The final resource is the arduous research and fieldwork performed by professional archaeologists. Their efforts help bond and further enhance the prior two resources: photographs and words become imbued with both deep context as well as historical meaning. Archaeology provides the “why” to the story that is so important to understanding, enriching, and unlocking the mysteries of the past. Whereas much is known about the railroad, there is still much to be learned from the abandoned can dumps, wrecks, and other historic debris that did not make it into newspaper articles, books, company records, or photographs. As for the Native American record on Rollins Pass, that simply cannot be known through any other means but archaeology.
Why were game drive complexes placed atop Rollins Pass so long ago and why are they recognized to be internationally significant? Why does sun-colored amethyst glass turn purple when exposed to ultraviolet light and why is that important to understand the habits and products consumed by those who lived at a site? Archaeology helps bring into focus the lives of historical and ancient peoples—knowing “why” is crucial to fully appreciating the story of the pass.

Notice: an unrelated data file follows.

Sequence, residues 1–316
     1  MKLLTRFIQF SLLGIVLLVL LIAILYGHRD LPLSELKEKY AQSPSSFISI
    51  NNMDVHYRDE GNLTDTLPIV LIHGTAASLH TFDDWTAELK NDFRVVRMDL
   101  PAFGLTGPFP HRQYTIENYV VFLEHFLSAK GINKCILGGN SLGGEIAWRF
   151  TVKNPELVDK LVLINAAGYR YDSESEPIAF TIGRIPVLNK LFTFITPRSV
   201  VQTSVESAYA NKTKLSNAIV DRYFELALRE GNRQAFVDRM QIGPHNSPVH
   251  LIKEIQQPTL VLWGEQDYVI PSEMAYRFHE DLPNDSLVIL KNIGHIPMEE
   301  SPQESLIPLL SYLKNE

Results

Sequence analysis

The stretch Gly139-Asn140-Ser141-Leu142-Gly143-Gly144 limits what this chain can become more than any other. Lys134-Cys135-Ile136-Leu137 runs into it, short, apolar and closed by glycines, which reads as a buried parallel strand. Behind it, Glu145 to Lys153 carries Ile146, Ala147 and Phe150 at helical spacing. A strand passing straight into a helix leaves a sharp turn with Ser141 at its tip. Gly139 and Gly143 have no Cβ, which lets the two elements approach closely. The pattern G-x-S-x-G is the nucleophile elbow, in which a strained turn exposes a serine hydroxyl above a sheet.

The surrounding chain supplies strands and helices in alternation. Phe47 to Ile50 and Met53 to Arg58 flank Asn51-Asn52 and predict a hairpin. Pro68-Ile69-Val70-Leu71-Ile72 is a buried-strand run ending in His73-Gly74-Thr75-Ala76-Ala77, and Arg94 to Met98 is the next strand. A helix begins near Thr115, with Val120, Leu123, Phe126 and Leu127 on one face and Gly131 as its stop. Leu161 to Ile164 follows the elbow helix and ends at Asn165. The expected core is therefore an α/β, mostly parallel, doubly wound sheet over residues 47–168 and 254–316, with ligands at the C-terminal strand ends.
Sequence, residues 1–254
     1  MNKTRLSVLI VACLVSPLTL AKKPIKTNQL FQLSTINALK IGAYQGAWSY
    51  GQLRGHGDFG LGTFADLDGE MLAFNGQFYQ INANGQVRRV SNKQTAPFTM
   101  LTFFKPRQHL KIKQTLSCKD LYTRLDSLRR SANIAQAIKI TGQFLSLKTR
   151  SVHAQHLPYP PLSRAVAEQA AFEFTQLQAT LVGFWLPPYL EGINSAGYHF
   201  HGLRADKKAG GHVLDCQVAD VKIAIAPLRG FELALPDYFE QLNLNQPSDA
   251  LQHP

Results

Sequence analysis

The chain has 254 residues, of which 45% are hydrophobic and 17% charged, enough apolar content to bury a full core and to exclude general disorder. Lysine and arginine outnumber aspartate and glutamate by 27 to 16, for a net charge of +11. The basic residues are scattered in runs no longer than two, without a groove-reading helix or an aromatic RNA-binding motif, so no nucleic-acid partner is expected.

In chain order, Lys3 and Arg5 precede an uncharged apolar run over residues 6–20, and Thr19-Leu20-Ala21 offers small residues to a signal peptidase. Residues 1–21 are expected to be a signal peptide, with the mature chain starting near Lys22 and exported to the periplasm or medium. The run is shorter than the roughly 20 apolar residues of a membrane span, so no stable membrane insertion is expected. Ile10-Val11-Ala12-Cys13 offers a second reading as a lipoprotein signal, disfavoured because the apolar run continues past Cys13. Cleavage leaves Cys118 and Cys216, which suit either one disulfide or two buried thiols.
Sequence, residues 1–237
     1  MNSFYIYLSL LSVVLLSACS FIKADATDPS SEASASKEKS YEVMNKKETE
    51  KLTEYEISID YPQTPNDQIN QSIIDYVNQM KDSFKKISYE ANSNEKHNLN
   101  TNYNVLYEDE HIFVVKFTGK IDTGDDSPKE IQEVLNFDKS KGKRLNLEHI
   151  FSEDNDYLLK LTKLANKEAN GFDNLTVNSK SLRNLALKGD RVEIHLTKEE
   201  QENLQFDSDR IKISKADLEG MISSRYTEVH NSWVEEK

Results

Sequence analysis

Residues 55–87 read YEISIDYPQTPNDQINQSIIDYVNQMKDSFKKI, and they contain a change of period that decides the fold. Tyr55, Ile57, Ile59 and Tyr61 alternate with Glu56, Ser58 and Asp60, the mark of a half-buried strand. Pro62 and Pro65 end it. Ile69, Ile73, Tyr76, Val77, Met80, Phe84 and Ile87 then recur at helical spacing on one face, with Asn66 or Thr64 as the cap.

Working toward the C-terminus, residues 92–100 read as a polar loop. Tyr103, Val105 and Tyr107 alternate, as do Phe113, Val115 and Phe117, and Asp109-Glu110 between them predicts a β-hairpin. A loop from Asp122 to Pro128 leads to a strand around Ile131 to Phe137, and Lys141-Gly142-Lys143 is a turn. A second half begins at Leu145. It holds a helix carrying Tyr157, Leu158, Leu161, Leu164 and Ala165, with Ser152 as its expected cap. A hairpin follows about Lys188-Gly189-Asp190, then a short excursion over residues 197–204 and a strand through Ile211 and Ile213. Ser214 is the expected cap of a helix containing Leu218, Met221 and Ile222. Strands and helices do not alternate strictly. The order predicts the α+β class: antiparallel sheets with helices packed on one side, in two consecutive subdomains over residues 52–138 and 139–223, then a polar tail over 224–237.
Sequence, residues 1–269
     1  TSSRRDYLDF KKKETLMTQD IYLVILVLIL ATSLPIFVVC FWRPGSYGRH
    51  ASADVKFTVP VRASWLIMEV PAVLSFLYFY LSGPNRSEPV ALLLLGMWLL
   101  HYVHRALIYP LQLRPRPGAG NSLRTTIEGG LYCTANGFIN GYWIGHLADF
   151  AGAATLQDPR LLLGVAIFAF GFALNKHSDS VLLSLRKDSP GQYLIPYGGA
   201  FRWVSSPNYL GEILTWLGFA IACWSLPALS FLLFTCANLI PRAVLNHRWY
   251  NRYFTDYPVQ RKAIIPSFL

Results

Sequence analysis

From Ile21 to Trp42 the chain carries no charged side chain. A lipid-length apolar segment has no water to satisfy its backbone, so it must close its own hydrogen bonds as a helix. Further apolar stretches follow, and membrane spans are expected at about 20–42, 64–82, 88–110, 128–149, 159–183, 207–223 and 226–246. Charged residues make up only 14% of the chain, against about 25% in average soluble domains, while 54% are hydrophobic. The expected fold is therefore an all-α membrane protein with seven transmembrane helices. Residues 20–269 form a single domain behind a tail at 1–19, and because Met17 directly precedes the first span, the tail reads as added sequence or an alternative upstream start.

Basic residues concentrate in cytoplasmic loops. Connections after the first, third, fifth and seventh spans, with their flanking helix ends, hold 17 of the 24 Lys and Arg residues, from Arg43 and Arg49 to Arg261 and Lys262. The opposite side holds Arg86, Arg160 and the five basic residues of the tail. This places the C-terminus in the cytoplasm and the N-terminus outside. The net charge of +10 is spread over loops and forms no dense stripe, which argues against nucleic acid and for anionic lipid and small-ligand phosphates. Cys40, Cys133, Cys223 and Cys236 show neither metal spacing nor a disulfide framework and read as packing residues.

What remains is for the reader to carefully stitch together all the above resources to craft an enduring tapestry: combine text, images, and archaeology from within our books to transform subsequent visits to the pass. Ensure these fragile stories are shared widely; while guaranteeing artifacts extend their influence into the future by remaining in place when and where they are found. Encourage and protect local history, cherish non-renewable historic sites on and near Rollins Pass that have been listed as Colorado’s Most Endangered Places, and enjoy a rediscovered appreciation for the history made long ago along with the more modern efforts to define resources on the pass as being listed on, or eligible for, the National Register of Historic Places. The responsible tourist takes care of the pass and its rich history for the next generation by respecting leave no trace principles.
While the second half of Stephen Fry’s quote was provided above; the first half is, “How can we understand our present or glimpse our future if we cannot understand our past? How can we know who we are if we don’t know who we were?” Turn the page.
The primary purpose of our work is to inform the public.